• @SYM
          Today Lewis Hamilton is the best F1 driver on that grid….

          I do not mind whatever you had to say with people spreading mindless hate. However, is Lewis the best driver on the grid, i’ll suggest not. This is not about it, so i’ll end it here.

          • richard s said on 18th September 2009, 7:13

            He would appear to be the most spirited racer, but still a little rash with some of his on track (and off-track) decisions. He will never earn the nickname “Le Professeur” but then of course he’s not French so that would be silly.

            Seriously though some drivers are really smart and some are really fast. Some are both. There is a certain ammount of snobbery in F1 when rating the two. I think Lewis is not currently the best but he may be one day. And good luck to him. Don’t change a thing, just develop and learn… and engage brain before opening mouth in front of the stewards.

          • Senor Paz said on 19th September 2009, 0:22

            How do we get such a heated debate on Hamilton when the article is about Alonso and the worst thing I’ve ever seen in the history of motorsport? This is pathetic.

            By the way, no doubt both Hamilton and Alonso have acted regretfully this year at one stage or another. Hamilton was deceitful in the beginning of the year (a nice way to comment on his shameful lack of honesty), but at least he didn’t put everyone else’s lives in danger.

        • S Hughes said on 18th September 2009, 10:27

          SYM, you’re my new hero and what you say here is 100% the truth. It is essentially because he is black that he attracts such unprecedented hatred. Well said.

          • @ S Hughes

            Well, it was a little uncalled for since i observed nobody brought in to question his race, caste, colour, creed, sex etc. What we do question is his and media’s overestimation of his abilities and the state of affairs of his mental faculties. You’re a reigning world champion, with millions in your country looking up to you, why’d you lie?

            @richard s

            “… and engage brain before opening mouth in front of the stewards.”

            EXCELLENT!!! I really lol’d my **** off… kudos… i couldn’t have said it better.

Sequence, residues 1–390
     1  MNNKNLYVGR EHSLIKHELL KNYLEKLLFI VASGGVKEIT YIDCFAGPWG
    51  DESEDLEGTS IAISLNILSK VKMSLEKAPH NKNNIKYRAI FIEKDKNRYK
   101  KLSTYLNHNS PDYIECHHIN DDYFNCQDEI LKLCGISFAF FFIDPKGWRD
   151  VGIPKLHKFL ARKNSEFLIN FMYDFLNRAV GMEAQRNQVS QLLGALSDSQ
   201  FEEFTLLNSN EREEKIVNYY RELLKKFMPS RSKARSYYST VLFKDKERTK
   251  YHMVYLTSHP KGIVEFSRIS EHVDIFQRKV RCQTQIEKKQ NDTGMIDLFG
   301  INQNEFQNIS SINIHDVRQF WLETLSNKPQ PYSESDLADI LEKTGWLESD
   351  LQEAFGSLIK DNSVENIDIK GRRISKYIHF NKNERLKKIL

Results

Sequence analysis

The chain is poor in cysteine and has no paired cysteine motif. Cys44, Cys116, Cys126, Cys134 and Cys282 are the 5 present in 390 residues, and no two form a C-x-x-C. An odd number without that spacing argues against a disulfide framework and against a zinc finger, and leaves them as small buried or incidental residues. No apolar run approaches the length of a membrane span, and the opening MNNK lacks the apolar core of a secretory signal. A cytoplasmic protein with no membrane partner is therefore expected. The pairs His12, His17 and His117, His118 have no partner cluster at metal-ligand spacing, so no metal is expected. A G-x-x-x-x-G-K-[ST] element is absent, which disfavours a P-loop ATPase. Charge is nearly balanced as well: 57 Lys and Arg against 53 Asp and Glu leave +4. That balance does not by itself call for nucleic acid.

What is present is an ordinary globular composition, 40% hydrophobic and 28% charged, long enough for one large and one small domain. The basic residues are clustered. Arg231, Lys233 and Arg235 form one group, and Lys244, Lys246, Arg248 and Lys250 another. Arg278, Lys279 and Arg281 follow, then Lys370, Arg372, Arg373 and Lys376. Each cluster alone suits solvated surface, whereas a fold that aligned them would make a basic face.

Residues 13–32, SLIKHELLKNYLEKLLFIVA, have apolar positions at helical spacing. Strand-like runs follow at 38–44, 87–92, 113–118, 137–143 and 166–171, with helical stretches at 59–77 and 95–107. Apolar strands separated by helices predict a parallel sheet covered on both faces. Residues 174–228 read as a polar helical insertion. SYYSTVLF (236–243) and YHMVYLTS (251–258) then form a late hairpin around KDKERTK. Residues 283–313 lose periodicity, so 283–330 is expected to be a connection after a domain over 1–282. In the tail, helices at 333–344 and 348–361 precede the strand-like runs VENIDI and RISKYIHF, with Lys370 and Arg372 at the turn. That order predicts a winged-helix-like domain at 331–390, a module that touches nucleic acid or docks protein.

• Senor Paz said on 19th September 2009, 0:24

            S Hughes,

            Stop embarassing yourself with such stupidity.

        • Patrickl said on 18th September 2009, 12:59

          Get a grip. Hamilton DID lie even a real fan can acknowledge that.

          Keith maybe it’s a good idea to remove the posts of this racist? I mean people who say that other people are racists because they are of a different race are racists in and of themselves.

          • Keith Collantine (@keithcollantine) said on 18th September 2009, 16:14

            I don’t agree. Although I do think there’s a tendency on the part of some people to assume that just because someone doesn’t like or doesn’t like Hamilton it must be because they’re racist. Obviously that isn’t necessarily the case.

          • neracer said on 18th September 2009, 16:25

            @Patrickl: don’t be ridiculous!

            @SYM: if you hadn’t written that, I certainly would! thank you.

          • Senor Paz said on 19th September 2009, 0:30

            I can understand Patrickl’s frustration. This kid is an embarassment to the Lewis Hamilton fan base. Very amusing.

          • Patrickl said on 19th September 2009, 14:38

            The sad thing is, I’m a Hamilton fan (also Raikkonen and Alonso fan) and I get accused of being a racist, a sleaze, an “in bred” moron and a creep, simply because I acknowledge the fact that Hamilton lied.

            Still that is not enough for SYM’s posts to be removed?

  11. Very Good article Keith. I liked you Point(s) very valid and justifying.

    The Sport has turned into some sort of political drama and scandal. As far as Alonso is concerned he is finding himself always in the middle of the storm.

    For once lets imagine that there was no issue for Alonso with Ron Dennis and Hamilton did not come out so good in his debut as he actually did will this have come out. Alonso would have been using the Ferrari Secrets with Mclaren and got away with the Championship. Is this really fair ? Just because he felt offended the truth came out.

    In a similar manner here Alonso has nothing to say because everything was done for him he was never at the receiving end this time. Now Piquet was at the receiving end.

    So Piquet is only as much as guilty as Alonso in the Spygate. If Alonso was not punished for his crime then let the same treatment be meated to Piquet.

    After all Piquet is a young racer starting his carrer who is under terrible pressure from hard mouths like Flavio who had kept on disgracing him all along.

    In that sense Ron was a very fair person he never ever bad mouthed Alonso.

    • carl (@clwydian) said on 17th September 2009, 9:26

      Alonso should express abhorrence (if no leaks appear then he is as innocent as i suspect). There is no point in rewriting last years results- referees make mistakes in football and things stand (remember the hand of God?).
      However Piquet seems to have displayed a disappointing level of ..is it ..professionalism? What happened to sportsmanship. Oh yes.. money happened lol

  12. Its the controversies that makes F1 what it is and not GP2 or something else, but its not so good when you put spectators at risk though, so I guess he could’ve put it into the outside wall where there is nobody standing.. but ****($ hell he isn’t a driver !! Anyway Alonso could do his reputation a world of good if he did renouce the win, especially when the FIA already said results won’t be changed, so nothing to lose. Anyway it wasn’t this one incident that put him into the lead, but it did move him up.